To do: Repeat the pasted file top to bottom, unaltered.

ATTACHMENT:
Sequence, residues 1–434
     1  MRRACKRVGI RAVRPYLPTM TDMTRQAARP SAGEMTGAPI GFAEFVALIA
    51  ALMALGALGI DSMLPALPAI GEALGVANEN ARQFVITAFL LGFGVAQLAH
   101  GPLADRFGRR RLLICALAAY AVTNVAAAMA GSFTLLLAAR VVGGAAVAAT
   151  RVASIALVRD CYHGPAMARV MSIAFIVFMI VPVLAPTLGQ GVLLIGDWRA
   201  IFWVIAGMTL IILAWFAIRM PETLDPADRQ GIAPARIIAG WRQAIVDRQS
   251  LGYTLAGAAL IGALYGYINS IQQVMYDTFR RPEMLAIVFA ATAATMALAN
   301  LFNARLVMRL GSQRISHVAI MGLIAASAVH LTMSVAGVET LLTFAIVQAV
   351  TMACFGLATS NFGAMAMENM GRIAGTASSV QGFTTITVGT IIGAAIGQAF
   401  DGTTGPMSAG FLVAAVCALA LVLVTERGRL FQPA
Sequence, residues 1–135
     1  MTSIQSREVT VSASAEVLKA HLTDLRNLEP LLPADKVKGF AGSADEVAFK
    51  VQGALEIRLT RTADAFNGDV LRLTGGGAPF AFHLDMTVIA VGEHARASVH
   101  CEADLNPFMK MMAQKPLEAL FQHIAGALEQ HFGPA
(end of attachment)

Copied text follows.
Sequence, residues 1–434
     1  MRRACKRVGI RAVRPYLPTM TDMTRQAARP SAGEMTGAPI GFAEFVALIA
    51  ALMALGALGI DSMLPALPAI GEALGVANEN ARQFVITAFL LGFGVAQLAH
   101  GPLADRFGRR RLLICALAAY AVTNVAAAMA GSFTLLLAAR VVGGAAVAAT
   151  RVASIALVRD CYHGPAMARV MSIAFIVFMI VPVLAPTLGQ GVLLIGDWRA
   201  IFWVIAGMTL IILAWFAIRM PETLDPADRQ GIAPARIIAG WRQAIVDRQS
   251  LGYTLAGAAL IGALYGYINS IQQVMYDTFR RPEMLAIVFA ATAATMALAN
   301  LFNARLVMRL GSQRISHVAI MGLIAASAVH LTMSVAGVET LLTFAIVQAV
   351  TMACFGLATS NFGAMAMENM GRIAGTASSV QGFTTITVGT IIGAAIGQAF
   401  DGTTGPMSAG FLVAAVCALA LVLVTERGRL FQPA
Sequence, residues 1–135
     1  MTSIQSREVT VSASAEVLKA HLTDLRNLEP LLPADKVKGF AGSADEVAFK
    51  VQGALEIRLT RTADAFNGDV LRLTGGGAPF AFHLDMTVIA VGEHARASVH
   101  CEADLNPFMK MMAQKPLEAL FQHIAGALEQ HFGPA